Pushing the Boundaries: Transnational and Transmedial Movement in Chinese Visual Culture, 1930s-1960s
4: Zhang Guangyu's Ethnographic Illustrations in 1950s China
Thursday, March 24, 2022
12:30pm – 2:00pm EST
Virtual Paper Presenter(s)
University of California, San Diego, United States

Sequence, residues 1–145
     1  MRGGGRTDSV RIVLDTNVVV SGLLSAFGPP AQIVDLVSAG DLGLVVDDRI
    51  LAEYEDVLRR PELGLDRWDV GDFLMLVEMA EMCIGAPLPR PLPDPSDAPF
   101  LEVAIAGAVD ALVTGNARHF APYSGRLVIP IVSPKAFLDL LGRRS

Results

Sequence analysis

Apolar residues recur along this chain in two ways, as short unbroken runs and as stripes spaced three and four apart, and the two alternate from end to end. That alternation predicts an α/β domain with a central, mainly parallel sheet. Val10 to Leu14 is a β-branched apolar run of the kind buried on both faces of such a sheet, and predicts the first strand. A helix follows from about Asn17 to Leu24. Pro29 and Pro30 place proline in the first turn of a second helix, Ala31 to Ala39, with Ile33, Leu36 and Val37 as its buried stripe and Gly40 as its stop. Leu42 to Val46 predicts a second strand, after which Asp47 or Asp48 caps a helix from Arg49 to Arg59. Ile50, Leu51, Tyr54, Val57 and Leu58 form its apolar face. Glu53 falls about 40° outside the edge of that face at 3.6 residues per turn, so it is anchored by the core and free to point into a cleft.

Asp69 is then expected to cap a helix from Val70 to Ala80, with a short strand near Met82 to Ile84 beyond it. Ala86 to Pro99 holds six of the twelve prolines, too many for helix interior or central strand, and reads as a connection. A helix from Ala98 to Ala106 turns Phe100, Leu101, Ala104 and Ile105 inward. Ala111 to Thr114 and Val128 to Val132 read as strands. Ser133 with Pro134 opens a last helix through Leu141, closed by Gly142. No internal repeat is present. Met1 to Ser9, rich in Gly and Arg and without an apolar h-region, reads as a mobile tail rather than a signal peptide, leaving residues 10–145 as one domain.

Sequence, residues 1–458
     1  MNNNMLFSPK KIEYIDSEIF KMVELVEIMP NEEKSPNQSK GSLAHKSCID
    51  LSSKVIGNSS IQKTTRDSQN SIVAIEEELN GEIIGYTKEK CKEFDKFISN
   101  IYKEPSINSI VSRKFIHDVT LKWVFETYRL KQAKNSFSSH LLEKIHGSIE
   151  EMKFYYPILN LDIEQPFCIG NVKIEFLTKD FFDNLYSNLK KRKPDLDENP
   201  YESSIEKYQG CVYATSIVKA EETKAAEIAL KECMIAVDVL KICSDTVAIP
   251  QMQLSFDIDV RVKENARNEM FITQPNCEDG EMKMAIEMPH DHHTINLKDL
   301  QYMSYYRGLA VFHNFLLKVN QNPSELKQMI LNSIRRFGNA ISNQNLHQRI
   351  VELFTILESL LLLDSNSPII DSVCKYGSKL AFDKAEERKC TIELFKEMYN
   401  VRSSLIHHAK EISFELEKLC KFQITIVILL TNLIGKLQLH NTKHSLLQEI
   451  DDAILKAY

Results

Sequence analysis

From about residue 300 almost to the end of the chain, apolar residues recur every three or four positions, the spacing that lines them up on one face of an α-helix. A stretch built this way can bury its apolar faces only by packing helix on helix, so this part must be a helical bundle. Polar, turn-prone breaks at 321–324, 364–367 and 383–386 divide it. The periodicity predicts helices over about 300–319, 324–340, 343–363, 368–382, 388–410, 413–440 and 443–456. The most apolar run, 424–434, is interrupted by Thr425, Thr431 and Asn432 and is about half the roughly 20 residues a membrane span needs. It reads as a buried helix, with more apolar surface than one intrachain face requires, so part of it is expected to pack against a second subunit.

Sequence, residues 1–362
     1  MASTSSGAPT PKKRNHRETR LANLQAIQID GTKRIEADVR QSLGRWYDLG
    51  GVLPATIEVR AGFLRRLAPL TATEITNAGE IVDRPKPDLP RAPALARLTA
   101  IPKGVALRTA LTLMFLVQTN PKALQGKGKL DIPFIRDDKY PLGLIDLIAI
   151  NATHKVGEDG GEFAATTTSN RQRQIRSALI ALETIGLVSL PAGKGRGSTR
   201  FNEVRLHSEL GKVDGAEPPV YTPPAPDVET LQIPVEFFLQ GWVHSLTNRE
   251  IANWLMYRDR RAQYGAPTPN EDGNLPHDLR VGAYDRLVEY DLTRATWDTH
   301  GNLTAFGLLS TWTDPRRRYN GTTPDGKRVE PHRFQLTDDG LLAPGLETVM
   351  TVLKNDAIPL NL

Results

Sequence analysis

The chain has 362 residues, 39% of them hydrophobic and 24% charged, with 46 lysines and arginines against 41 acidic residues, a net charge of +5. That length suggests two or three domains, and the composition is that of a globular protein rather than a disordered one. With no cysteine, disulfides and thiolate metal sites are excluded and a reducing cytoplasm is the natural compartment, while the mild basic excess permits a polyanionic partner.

The formation of Socialism in China marked a transition from the promotion of cultural nationalism in the 1930s to the construction of an ethno-nationalist system. The wartime relocation of scholars and cultural institutes in the 1940s generated interest in fieldwork on ethnic minorities and marginal areas of western China. Among the artists who turned their interest to material culture and decorative arts in southwestern China during the 1940s, Zhang Guangyu (1900-1965) remains significantly understudied. He is generally recognized as a commercial artist active in Shanghai during the 1930s, engaging with a wide range of fields including graphic design, interior design, caricatures, and cartoons. This research supplements the existing studies by focusing on representations of ethnic minorities in Southwest China in his late illustrations published during the late 1950s. This shift of focus demonstrates how folk and ethnographic traditions play a significant role in the construction of cultural identity during the 1950s. A closer look at Zhang’s drawings and illustrations enriches our understanding of how he transformed the primitive aesthetics in the 1930s to adapt to the new discourse of national recognition in both domestic and international context. Beyond the formal resemblance between Zhang and the Mexican artist Miguel Covarrubias, the paper rethinks cross-cultural borrowings at a deeper level by probing into the materiality of ethnographic drawings. Seeing them as an epistemological tool and a communicative device, this essay explores the dynamic process of boundary-constructing and border-crossing in the formations of ethno-national cultural paradigm in Socialist China.